An official of the People’s Bank of China (PBOC) stated that China’s central bank digital currency (CBDC) would act as a backup for major players in the mobile payment sector like Alibaba’s Alipay and Tencent’s WeChat Pay.
Digital Yuan to Ensure Financial Stability
According to the South China Morning Post on Friday (Mar 26, 2021), Mu Changchun, PBOC’s director-general of the digital currency institute, said an important objective of the digital yuan is to provide financial stability in case Alipay and WeChat Pay experience a problem.
During an online panel discussion organized by the Bank of International Settlements (BIS) on March 25, Changchun noted the duopoly held by Alipay and WeChat Pay, with both platforms controlling 98 percent of China’s digital payment market. However, the PBOC official expressed concerns about such vast control, stating that if the platforms encountered any issues, it could pose a risk to the country’s financial system.
“If something happens to them, financially or technically, that would definitely bring a negative impact to the financial stability of China. In order to provide a backup for the retail payment system, the central bank has to step up and provide a central bank digital currency service.”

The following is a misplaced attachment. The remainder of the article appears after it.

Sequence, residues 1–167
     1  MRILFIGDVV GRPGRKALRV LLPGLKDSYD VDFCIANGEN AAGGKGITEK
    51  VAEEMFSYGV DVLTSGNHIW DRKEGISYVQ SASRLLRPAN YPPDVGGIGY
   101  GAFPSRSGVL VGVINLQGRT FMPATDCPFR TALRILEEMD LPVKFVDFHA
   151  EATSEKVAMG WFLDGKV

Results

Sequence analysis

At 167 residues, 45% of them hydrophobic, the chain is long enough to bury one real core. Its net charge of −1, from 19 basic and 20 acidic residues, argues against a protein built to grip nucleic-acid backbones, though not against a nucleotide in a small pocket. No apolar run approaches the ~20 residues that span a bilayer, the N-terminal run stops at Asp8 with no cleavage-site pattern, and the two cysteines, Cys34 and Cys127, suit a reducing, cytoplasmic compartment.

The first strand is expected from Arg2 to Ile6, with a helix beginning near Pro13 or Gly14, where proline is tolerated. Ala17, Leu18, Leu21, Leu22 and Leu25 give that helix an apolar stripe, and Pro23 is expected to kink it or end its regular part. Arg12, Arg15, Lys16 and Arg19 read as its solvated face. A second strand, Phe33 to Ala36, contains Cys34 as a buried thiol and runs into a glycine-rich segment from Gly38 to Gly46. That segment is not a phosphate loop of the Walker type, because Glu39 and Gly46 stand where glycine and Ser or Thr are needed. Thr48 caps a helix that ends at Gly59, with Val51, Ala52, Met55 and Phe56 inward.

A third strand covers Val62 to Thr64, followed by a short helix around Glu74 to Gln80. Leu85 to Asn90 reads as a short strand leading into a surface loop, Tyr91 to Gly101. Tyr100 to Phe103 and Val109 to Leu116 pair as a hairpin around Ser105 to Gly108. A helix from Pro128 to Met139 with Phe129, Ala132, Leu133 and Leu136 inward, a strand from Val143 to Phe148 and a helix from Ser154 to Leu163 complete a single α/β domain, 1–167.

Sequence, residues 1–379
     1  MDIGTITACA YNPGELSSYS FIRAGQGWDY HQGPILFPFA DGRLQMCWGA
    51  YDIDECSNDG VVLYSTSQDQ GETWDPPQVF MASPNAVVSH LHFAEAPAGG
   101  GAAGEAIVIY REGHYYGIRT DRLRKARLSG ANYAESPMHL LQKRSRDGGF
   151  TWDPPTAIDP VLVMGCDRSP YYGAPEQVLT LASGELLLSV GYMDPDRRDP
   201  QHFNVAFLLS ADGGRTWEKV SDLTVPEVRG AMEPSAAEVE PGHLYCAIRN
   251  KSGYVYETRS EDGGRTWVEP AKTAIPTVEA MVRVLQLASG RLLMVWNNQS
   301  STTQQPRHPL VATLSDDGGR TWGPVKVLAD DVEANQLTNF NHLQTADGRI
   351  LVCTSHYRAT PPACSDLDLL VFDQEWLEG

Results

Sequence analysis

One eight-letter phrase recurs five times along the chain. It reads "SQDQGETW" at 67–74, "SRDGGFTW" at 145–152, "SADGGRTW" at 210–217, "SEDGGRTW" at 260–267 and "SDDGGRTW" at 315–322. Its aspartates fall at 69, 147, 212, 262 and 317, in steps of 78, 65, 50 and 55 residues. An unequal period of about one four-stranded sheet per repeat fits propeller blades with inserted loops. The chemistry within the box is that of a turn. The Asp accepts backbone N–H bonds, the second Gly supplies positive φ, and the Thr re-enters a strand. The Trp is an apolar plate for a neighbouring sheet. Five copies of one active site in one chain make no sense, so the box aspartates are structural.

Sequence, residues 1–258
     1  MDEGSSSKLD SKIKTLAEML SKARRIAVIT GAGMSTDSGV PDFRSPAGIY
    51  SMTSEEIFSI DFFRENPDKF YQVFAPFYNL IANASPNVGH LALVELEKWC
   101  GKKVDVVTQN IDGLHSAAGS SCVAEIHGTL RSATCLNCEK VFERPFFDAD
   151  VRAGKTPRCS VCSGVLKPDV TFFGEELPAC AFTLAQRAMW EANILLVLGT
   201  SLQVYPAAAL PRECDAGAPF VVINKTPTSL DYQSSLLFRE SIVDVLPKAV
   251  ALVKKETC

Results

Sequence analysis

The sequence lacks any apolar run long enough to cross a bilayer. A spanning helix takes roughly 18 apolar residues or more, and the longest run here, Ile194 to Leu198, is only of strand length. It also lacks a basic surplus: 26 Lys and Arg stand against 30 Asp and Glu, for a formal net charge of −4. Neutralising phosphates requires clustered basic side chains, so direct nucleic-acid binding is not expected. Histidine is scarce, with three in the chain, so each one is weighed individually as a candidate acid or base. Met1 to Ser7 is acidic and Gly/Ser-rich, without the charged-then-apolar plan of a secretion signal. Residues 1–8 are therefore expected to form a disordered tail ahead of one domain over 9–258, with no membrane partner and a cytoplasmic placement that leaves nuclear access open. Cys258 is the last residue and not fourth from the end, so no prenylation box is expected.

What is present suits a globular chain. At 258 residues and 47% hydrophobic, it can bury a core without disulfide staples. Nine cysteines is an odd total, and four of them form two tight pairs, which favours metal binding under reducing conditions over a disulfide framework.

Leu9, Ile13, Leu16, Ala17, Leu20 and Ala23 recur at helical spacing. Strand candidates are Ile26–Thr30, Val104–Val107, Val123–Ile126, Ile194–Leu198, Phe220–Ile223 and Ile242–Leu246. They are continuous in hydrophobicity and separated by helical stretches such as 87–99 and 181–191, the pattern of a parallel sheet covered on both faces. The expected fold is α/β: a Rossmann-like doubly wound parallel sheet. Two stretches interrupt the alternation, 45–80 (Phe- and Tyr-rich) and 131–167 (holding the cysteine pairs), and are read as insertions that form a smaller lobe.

Changchun’s latest comments come on the heels of the government’s efforts to combat monopolistic practices in China’s mobile payment industry. Earlier in March, Tencent was among some of the major tech companies fined for failing to disclose their acquisitions. In 2020, Chinese regulators halted Ant Group’s shares from listing on Shanghai and Hong Kong exchanges.
Also, there were speculations back in August 2020 that China’s upcoming digital yuan could reportedly water down Alipay and WeChat Pay’s duopoly. However, Changchun later in October, said that the CBDC project would work with both mobile payment platforms, rather than compete with them.
China Calls for Synchronisation of Global CBDCs
Changchun also spoke on CBDC projects by other central banks, stating that apex banks globally should encourage interoperability. According to the PBOC executive,
“Central bank digital currency supplied by one central bank should not impede another central bank’s ability to carry out its mandate for monetary and financial stability.”
Changchun added that information sharing and fund flow should be coordinated in a way that would enable regulators to effectively monitor transactions and ensure compliance.
As reported in back in December 2020, the Hong Kong Monetary Authority (HKMA) and the PBOC were preparing to test China’s digital yuan for cross-border payment. Earlier in February 2021, the PBOC partnered with central banks in Thailand, United Arab Emirates, and Hong Kong to explore cross-border payments for CBDCs.